By Mark T. Conard.

Tarantino's characters find that their redemption depends on whether there is a meaning to the word. An excerpt from The Philosophy of Neo-Noir.

Intro: >>Reservoir Dogs (1992), Pulp Fiction (1994), and Kill Bill (both volumes: 2003, 2004) are arguably the most successful (and I would say important) of the four full-length feature films that Quentin Tarantino has directed. And each is more or less explicitly about redemption. Further, Tarantino is widely recognized as a quintessentially postmodern neo-noir filmmaker. His films are postmodern in the artistic sense, insofar as they are, for example, blends of genres and highly allusive. But they're also postmodern in terms of the underlying epistemology and the position on morality and values that they take. That is, they reflect a postmodern sensibility about our ability (or lack thereof) to know and understand the world and about the value and significance (or lack thereof) that our lives and actions have. I argue here that this postmodern sensibility undermines the characters' attempts at redemption in the films. That is to say, in a postmodern world, such as the one depicted in Tarantino's films, there can be no such thing as redemption. While I include discussions of Pulp Fiction and Kill Bill, the arguments below focus primarily on Reservoir Dogs.<<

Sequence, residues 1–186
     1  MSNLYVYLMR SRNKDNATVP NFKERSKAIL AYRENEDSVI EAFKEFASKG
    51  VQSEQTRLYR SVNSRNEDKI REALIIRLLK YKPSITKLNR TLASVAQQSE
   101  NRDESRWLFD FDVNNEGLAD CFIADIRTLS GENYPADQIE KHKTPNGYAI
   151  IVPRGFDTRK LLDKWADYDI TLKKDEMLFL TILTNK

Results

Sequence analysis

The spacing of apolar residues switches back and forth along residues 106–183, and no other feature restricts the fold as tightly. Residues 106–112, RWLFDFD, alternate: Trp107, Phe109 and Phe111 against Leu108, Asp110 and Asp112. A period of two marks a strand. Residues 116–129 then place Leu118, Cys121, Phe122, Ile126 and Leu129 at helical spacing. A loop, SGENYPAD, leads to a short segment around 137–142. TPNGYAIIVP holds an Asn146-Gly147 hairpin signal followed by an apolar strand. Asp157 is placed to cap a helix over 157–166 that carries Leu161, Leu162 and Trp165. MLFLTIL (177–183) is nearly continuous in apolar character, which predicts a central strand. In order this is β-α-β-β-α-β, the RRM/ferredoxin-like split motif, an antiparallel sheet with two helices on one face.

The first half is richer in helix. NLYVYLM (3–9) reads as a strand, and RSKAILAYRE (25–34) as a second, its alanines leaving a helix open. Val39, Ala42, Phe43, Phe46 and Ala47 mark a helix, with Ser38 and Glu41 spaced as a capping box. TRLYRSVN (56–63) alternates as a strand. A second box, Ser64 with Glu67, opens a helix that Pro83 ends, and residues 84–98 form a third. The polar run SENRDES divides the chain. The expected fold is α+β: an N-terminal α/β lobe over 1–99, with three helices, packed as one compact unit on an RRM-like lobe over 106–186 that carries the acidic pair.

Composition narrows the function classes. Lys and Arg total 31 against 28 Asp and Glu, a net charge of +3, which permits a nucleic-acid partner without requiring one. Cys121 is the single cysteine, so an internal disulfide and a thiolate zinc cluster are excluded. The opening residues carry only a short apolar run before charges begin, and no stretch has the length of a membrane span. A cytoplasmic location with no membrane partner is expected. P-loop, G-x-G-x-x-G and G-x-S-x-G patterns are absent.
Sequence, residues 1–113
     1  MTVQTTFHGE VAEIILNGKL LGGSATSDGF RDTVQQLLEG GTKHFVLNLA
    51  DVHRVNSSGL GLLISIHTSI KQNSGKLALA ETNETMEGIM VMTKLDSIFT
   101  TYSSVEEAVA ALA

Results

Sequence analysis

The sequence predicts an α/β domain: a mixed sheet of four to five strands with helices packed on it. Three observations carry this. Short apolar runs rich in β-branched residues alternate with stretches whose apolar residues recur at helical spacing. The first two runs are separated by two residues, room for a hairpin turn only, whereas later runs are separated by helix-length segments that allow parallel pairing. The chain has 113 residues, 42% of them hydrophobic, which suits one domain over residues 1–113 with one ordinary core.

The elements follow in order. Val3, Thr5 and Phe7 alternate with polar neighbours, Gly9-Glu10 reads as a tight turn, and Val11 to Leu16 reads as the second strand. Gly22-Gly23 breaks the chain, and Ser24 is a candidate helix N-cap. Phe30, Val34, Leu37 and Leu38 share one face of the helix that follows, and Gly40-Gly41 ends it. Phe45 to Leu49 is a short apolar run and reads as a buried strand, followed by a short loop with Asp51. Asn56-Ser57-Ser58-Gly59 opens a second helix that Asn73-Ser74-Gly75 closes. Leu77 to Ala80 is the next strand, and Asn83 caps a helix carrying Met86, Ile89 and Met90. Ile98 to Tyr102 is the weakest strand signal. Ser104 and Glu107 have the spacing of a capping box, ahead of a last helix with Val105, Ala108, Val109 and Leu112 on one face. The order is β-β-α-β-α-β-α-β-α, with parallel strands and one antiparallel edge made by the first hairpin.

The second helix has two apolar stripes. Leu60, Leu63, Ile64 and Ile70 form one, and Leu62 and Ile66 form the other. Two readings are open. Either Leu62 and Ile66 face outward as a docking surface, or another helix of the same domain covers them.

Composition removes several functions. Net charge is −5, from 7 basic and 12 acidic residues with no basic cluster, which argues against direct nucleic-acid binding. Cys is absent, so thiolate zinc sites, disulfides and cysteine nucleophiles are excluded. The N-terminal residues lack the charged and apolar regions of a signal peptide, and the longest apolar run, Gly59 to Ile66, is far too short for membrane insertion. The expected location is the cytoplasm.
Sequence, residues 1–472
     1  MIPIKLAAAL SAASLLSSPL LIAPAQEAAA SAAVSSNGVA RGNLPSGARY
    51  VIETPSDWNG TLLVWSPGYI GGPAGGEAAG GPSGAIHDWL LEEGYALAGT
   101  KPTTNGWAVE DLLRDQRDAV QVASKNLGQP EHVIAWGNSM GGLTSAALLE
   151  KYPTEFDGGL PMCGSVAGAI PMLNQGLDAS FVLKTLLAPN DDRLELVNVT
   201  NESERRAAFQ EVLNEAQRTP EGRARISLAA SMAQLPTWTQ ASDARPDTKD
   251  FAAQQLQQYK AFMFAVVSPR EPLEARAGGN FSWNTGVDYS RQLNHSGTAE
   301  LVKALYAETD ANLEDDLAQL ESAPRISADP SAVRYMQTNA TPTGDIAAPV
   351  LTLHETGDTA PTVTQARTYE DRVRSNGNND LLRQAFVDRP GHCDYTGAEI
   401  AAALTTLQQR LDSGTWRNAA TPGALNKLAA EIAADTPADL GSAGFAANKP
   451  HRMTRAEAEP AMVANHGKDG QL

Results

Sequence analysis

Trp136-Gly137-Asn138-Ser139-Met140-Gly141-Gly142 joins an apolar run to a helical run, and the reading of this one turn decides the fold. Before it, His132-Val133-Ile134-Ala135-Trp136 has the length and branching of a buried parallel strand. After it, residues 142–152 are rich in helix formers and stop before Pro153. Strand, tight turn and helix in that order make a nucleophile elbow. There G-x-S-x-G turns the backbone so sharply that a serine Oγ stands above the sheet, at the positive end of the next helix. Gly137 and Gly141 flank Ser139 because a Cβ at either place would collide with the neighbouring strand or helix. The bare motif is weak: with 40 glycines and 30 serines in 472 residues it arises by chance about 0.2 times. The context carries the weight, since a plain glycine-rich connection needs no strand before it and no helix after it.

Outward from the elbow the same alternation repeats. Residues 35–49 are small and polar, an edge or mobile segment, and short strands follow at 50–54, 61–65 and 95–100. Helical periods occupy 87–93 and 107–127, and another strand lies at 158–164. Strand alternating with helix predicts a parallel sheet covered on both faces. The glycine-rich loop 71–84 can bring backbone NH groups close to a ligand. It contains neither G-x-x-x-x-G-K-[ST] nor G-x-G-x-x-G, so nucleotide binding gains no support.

Posted by johannes to <>monochrom at 1/20/2007 04:17:00 PM
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